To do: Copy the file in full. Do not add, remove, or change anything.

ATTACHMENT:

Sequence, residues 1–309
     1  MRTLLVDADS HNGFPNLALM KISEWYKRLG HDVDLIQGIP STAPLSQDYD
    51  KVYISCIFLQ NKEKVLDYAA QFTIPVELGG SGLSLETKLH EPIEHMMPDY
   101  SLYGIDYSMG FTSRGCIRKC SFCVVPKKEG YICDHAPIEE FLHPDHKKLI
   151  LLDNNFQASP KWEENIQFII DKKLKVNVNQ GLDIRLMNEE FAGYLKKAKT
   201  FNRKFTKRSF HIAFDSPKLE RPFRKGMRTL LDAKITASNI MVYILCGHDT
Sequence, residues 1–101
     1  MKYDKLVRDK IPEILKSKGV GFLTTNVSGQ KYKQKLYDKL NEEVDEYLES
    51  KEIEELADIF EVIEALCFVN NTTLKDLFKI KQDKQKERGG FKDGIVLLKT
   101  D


Sequence, residues 1–309
     1  MRTLLVDADS HNGFPNLALM KISEWYKRLG HDVDLIQGIP STAPLSQDYD
    51  KVYISCIFLQ NKEKVLDYAA QFTIPVELGG SGLSLETKLH EPIEHMMPDY
   101  SLYGIDYSMG FTSRGCIRKC SFCVVPKKEG YICDHAPIEE FLHPDHKKLI
   151  LLDNNFQASP KWEENIQFII DKKLKVNVNQ GLDIRLMNEE FAGYLKKAKT
   201  FNRKFTKRSF HIAFDSPKLE RPFRKGMRTL LDAKITASNI MVYILCGHDT
Sequence, residues 1–101
     1  MKYDKLVRDK IPEILKSKGV GFLTTNVSGQ KYKQKLYDKL NEEVDEYLES
    51  KEIEELADIF EVIEALCFVN NTTLKDLFKI KQDKQKERGG FKDGIVLLKT
   101  D